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The Federal Bureau of Investigation (FBI), the Central Intelligence Agency (CIA), and other U.S. intelligence and law enforcement agencies had pieces of information before the September 11, 2001, terrorist attacks that, had they been shared, might have led to the unraveling of Al Qaeda’s plot. For example, in July 2001, an FBI agent in Phoenix, Arizona, wrote a memo to bureau executives in Washington warning of the “possibility of a coordinated effort by Usama Bin Ladin” to train terrorists in U.S. flight schools. No one in the FBI’s Osama bin Laden or Radical Fundamentalist unit saw the field agent’s memo until after 9/11. Had they seen the memo in a timely manner, the 9/11 Commission said, it could have “sensitized the FBI so that it might have taken the Moussaoui matter more seriously.” A month after the Phoenix memo was written, the FBI’s Minneapolis office was kept from notifying the Federal Aviation Administration of an agent’s assessment that Zacarias Moussaoui planned to hijack an airplane. Moussaoui was training to fly commercial aircraft; the FBI suspected him of jihadist beliefs; and in August 2001 the CIA described him as a possible “suicide hijacker,” but the CIA made no connection between him and intelligence reports that warned of possible Al Qaeda hijackings. The 9/11 Commission used these examples to argue for improving communications among agencies. “The culture of agencies feeling they own the information they gathered at taxpayers’ expense must be replaced by a culture in which the agencies instead feel they have a duty to the information — to repay the taxpayers investment by making that information available,” wrote the commission in its report.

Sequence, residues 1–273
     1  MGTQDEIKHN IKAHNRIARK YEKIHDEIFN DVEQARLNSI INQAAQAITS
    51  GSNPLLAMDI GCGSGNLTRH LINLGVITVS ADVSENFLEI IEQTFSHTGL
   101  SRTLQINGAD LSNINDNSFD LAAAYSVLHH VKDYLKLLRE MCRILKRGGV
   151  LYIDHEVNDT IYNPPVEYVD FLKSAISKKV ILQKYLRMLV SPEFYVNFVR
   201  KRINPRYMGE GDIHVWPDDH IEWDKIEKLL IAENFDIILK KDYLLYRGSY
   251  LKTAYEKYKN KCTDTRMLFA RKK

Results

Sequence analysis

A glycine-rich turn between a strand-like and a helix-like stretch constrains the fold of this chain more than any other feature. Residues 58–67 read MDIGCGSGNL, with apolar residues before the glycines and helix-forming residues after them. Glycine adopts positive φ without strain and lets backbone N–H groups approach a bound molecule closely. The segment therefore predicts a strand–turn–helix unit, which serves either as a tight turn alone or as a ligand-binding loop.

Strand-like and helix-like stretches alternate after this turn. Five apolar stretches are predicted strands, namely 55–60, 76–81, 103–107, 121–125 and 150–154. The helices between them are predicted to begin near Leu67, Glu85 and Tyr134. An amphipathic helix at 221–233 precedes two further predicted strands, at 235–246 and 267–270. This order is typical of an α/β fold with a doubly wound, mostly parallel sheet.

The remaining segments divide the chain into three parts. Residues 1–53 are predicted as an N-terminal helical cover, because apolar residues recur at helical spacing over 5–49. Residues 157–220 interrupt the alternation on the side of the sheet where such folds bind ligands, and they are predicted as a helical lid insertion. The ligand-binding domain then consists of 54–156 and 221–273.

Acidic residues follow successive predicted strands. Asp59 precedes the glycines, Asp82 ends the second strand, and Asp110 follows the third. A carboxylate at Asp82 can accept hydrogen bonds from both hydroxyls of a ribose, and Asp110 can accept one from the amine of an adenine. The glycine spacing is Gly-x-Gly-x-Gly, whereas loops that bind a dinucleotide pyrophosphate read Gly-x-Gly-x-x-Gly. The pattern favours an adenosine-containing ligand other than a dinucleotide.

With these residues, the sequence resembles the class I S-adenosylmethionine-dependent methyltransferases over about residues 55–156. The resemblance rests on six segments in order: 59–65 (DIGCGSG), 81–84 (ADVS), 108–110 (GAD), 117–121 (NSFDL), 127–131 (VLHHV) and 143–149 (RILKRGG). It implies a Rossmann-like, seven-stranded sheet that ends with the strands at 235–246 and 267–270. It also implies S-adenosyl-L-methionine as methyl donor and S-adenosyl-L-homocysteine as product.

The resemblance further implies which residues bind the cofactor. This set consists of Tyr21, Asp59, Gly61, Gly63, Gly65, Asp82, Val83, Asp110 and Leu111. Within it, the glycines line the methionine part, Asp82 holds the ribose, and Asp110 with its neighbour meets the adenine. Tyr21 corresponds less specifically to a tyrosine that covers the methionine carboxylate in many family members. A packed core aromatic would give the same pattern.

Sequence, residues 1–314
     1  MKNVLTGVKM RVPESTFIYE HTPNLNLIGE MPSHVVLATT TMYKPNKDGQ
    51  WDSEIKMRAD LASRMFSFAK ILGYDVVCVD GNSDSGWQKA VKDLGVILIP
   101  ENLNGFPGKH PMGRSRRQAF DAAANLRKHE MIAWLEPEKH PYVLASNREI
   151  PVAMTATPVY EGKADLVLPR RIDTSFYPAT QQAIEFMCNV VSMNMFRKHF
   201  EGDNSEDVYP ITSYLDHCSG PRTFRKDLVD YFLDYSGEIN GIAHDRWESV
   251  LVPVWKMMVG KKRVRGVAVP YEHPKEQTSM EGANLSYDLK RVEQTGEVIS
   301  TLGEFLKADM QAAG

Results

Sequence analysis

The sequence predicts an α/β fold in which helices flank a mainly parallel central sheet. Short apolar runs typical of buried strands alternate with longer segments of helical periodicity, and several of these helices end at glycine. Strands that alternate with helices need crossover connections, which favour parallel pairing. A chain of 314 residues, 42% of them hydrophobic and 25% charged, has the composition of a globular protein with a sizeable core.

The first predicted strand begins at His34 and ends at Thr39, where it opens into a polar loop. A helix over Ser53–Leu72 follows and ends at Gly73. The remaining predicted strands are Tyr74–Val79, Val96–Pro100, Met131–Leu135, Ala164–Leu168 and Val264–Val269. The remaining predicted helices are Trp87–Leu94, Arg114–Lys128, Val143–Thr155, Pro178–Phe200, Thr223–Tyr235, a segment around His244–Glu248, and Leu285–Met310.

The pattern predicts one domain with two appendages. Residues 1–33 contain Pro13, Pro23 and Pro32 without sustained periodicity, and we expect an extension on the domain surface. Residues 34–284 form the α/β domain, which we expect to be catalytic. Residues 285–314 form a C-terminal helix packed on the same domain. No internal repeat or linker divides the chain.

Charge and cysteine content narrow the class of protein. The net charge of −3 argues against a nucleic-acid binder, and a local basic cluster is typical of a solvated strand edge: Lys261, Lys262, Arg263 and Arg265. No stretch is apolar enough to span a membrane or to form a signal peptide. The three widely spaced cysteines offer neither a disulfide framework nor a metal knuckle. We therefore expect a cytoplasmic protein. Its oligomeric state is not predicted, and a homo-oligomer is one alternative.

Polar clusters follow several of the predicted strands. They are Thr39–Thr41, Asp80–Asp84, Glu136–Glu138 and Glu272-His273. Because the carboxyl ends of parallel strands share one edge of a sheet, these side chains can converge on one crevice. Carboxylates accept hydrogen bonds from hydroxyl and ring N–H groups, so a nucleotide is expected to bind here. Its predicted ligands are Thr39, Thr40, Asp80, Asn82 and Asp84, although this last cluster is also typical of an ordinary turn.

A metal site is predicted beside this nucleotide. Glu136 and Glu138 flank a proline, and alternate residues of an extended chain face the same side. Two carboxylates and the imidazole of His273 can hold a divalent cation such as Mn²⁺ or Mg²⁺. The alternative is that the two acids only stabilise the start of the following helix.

The Intelligence Reform and Terrorism Prevention Act of 2004 created the powerful new position of director of national intelligence to oversee and coordinate the work of the nation’s intelligence agencies. The act also established the National Counterterrorism Center as the focus of anti-terror efforts, putting the activities of a host of agencies under a single roof. And the legislation mandated action to facilitate effective sharing of terror-related information — an effort aimed at creating what became known as the “Information Sharing Environment” (ISE.) In March 2006, President Bush appointed Ambassador Thomas McNamara as program manager for the role and located his office under the new director of national intelligence. The Government Accountability Office (GAO) has acknowledged the substantial progress represented by these steps, but nonetheless has placed the goal of establishing appropriate and effective information-sharing mechanisms to improve homeland security on its high-risk list. The GAO reported in 2007 that “more needs to be done to address [the] problems and the obstacles that hinder information sharing.” McNamara has now issued a plan to guide development of the ISE, and has completed some of the tasks laid out by the plan, but GAO said in June that the scope of the ISE must be better defined and that performance measures must be developed. The Department of Homeland Security press office did not respond to a request for comment, but Director of National Intelligence Mike McConnell said in an October 2008 speech: “We have made remarkable progress — most of it in secret — over the last few years. . . . We are very focused on integration, collaboration, information, and data-sharing in a collective way.”

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